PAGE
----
Yesterday might possibly have been one of the craziest, hardest, weirdest, greatest days of my life.
Gabeer, our fixer, took us to get our tickets to the Taj Mahal. John and I are on a pretty strict budget so we couldn’t spend much on a trip. The travel agent went through our choices, starting with the most expensive first:
rent a car and a driver
rent a smaller car and a driver
take the train
take the bus
We went with the bus. It was by far the cheapest.
We had to meet the bus at 6:20 in the morning, we got lost trying to find it, wandering around a different part of Delhi in the dark, scared…we finally found it. The driver of the bus tells us this is really an Indian bus, we’ll be the only white people on it…fine with us.
We get on and there’s a few people on it, but at the next stop we pick up about 8 Indian women who looked like they were on some sort of Thelma and Louise holiday. They gave us a shy smile, a quiet “good morning” and sat to talk amongst themselves.
It takes about 3 hours (normally) to drive to Agra from Delhi, we were told to expect a 5 hour ride because of the various pick ups along the way. About halfway into the trip, the women start to sing. They were laughing and singing, we were laughing and clapping with them, that started everything.
We finally arrive to Agra around noon maybe, the bus drops us off at a marble store, the Indian women hang in the back of the bus and come out in all new saris, totally like Sex and the City. it was awesome. By now they like us and one of them grabs my hand and says “toilet?” I nod aggressively and she grabs my hand, leading me to the before unseen toilet. When I come out she shoves her purse in my hand to hold for her, we were trusted.
After that it’s a blur. The women adopt us, giving us treats (some kind of spicy peanuts that were SO GOOD), they speak very little english, but it matters not, they’re laughing with us, grabbing my hand and eventually calling me “sister.”
We go to the Agra fort, built right by the Taj and they are running around like schoolgirls, having their pictures taken, laughing, and having a grand old time. By the time we get to the Taj, I have to go in a different line then John, they all grab by the hand and lead me to where I need to go. Laughing, taking pictures with me…it was unreal.
We get into the Taj Mahal and I cried. How can you not cry? This is a wonder of the world. Yes, it looks exactly like you think it looks, but the fact that I’m standing there, at the Taj Mafuckinghal, brings tears to my eyes. The sisters of course are running around yelling “COME COME” to me. We take a zillion pictures.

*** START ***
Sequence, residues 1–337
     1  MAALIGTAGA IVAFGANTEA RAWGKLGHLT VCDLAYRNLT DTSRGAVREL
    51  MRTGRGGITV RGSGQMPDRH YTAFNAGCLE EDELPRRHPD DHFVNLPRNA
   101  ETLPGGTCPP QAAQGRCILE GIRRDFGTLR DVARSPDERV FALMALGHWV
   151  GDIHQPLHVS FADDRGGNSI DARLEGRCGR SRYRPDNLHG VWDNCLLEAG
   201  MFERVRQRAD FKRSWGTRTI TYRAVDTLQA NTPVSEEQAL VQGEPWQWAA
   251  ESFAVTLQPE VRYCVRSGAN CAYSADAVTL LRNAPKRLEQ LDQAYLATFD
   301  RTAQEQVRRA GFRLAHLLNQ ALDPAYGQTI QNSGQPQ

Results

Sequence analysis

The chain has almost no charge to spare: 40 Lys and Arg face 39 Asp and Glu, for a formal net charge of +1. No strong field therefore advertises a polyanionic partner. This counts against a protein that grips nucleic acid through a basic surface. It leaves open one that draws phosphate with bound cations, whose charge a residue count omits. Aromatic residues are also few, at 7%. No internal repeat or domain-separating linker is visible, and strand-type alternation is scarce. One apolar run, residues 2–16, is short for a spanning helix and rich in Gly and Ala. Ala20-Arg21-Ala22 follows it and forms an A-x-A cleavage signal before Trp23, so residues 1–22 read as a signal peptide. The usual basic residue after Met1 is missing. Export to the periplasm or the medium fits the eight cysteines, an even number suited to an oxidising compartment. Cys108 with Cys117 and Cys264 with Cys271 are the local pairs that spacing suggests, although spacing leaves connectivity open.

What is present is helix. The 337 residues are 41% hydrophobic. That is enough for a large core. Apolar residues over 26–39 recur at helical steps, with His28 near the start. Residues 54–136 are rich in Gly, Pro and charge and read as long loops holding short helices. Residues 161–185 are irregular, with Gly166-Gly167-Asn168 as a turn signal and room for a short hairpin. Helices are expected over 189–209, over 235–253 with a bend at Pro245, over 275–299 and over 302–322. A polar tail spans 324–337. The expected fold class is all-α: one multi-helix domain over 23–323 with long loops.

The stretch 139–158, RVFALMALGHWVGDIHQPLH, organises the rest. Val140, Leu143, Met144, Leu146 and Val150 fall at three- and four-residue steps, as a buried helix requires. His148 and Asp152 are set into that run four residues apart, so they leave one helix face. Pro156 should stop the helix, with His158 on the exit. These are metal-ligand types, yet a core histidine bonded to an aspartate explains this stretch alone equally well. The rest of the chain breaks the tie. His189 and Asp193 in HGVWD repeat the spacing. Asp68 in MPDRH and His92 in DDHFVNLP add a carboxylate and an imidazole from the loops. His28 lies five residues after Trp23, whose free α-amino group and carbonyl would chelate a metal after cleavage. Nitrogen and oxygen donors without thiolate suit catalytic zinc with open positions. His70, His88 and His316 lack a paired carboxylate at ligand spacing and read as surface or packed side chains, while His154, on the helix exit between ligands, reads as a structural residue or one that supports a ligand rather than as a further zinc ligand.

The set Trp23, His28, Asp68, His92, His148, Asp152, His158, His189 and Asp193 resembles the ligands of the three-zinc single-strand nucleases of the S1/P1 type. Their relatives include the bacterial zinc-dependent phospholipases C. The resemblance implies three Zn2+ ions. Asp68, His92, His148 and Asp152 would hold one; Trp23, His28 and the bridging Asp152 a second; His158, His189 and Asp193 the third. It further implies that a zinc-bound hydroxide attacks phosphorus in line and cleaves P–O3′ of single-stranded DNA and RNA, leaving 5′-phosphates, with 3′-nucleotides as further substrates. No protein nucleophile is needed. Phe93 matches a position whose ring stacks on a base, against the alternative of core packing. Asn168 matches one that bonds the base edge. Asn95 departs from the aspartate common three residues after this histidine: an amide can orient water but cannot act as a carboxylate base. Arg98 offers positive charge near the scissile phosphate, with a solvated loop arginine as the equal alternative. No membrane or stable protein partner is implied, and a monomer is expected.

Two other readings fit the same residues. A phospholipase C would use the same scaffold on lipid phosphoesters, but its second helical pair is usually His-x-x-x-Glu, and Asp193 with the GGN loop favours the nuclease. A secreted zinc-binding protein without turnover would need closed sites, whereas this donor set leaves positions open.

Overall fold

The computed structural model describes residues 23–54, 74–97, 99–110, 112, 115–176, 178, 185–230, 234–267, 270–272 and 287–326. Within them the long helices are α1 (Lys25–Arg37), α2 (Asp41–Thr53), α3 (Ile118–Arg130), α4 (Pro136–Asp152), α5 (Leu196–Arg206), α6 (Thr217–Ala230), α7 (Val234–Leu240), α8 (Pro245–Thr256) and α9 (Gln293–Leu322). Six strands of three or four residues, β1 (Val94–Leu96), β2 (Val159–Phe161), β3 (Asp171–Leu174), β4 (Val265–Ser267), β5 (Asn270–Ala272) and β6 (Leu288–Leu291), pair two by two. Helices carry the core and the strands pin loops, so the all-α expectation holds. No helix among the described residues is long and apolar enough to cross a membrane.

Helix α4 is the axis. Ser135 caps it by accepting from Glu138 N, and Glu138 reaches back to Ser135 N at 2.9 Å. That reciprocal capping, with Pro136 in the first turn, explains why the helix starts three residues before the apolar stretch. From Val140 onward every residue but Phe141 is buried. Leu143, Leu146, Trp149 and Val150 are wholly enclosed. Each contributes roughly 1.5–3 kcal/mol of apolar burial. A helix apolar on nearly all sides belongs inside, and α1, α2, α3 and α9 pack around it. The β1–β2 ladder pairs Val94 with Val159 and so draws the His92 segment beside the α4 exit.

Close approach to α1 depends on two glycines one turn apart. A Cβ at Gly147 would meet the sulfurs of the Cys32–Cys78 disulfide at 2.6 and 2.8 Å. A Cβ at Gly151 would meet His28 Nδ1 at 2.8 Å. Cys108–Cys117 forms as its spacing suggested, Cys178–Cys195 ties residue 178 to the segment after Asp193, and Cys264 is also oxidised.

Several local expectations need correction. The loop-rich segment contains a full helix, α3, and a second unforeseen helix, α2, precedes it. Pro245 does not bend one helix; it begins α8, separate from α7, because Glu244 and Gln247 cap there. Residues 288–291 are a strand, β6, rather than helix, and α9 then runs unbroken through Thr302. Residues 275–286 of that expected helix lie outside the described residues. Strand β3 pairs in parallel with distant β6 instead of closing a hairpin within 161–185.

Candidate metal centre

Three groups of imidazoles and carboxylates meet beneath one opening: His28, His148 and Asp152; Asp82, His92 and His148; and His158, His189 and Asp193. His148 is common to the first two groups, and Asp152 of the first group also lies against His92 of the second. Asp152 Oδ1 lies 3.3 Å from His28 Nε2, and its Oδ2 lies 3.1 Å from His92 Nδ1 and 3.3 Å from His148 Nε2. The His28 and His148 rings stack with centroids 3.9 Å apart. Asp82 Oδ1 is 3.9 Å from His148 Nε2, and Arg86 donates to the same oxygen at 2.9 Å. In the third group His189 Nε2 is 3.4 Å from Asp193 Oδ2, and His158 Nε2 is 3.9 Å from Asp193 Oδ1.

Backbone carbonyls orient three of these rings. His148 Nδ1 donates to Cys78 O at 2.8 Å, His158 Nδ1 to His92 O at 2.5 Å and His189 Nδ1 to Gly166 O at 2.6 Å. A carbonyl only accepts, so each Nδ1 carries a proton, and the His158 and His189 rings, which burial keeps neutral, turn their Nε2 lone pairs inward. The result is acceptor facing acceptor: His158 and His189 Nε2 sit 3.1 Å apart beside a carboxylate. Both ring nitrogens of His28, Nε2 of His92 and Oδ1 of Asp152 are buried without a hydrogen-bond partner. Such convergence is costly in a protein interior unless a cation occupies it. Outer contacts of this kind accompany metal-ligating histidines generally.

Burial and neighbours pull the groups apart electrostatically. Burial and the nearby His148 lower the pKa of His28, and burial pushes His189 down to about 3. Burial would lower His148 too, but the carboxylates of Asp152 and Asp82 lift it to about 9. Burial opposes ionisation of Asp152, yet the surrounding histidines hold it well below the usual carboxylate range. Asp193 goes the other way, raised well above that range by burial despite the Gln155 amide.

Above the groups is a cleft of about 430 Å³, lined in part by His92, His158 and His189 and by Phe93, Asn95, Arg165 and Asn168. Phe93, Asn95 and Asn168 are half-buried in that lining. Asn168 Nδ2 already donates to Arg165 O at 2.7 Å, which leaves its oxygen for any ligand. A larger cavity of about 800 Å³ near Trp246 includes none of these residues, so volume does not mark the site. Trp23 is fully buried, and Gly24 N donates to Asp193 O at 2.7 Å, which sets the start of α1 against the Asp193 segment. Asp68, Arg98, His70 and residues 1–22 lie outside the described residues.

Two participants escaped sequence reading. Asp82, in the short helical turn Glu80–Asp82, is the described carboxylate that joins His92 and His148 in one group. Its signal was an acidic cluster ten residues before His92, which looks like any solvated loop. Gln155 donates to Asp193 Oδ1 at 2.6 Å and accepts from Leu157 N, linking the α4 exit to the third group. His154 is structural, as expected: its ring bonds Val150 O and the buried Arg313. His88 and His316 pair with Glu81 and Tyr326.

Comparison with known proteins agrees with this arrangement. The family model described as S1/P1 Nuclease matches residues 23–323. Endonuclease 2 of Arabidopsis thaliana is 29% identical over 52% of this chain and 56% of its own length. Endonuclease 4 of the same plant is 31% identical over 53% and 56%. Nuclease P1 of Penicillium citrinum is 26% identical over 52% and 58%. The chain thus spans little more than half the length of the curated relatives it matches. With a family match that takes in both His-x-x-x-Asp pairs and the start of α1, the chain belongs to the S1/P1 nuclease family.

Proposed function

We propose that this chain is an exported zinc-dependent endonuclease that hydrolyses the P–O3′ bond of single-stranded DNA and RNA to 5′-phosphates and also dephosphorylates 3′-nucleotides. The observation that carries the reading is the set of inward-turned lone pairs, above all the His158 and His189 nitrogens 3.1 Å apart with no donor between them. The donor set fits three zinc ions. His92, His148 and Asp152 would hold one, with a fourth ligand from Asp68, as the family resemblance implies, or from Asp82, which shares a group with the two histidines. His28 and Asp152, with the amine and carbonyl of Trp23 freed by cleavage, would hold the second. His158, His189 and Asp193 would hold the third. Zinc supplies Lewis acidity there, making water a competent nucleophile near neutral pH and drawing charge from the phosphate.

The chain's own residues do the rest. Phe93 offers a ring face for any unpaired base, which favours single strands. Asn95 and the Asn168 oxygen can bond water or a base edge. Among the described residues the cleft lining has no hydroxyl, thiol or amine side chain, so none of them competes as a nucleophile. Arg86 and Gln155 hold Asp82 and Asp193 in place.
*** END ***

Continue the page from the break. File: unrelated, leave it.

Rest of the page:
I felt the marble of the Taj Mahal underneath my bare feet. I whispered my name in the tomb.
We were doing so many bits with the Indians at the Taj Mahal (still very few white people there, I was really surprised), laughing with Indians, taking their pictures to email with later, making them laugh with our Mr. Bean type antics. It was like we were movie stars, it was exhilarating and so fun to have found Indian friends and to make these serious people smile.
By now it must be about 5PM, they lead us back to the bus and thank goodness they did, I’m not sure we could find it any other way.
John and I start getting tired, really tired. John gets motion sickness and the ride in was rough, the bus is bumpy, absolutely no shocks, we’re both leery about getting back on, but by now we’ve made friends with pretty much the entire bus of Indians. They’re all looking out for us, protecting us, helping us.
We hadn’t eaten, we’ve heard Agra is a scary place to eat. We’re hungry, tired and by the time we start for home the sun had gone down.
There were two more temples to see on the way back to Delhi, John and I are close to out of it by then. The two temple stops take forever, we can’t even get off the bus we’re so broken. Our new friends keep asking “Come? Come?” and we keep shaking our heads, we can’t. So tired.
Finally the temple stops out of the way, we start for Old Delhi, arriving home at 3:30AM, almost 24 hours after we had left.
But we were happy, so happy. Sure, we could have rented a car and kept to ourselves and have it all be easy, but we would have never had the day we had, made the friends we did, see how the Indians travel.
There’s something to be said for hardship.
Here are a few pics:
The Taj baby:
This is what you see on the way in:
It was a really incredible day. We’re both completely wiped and tired today. We’re taking it easy. We just met a brassy Washington DC girl, we’re going for beer.
Tomorrow we leave for Jaipur on the train. What a couple of days we’ve had.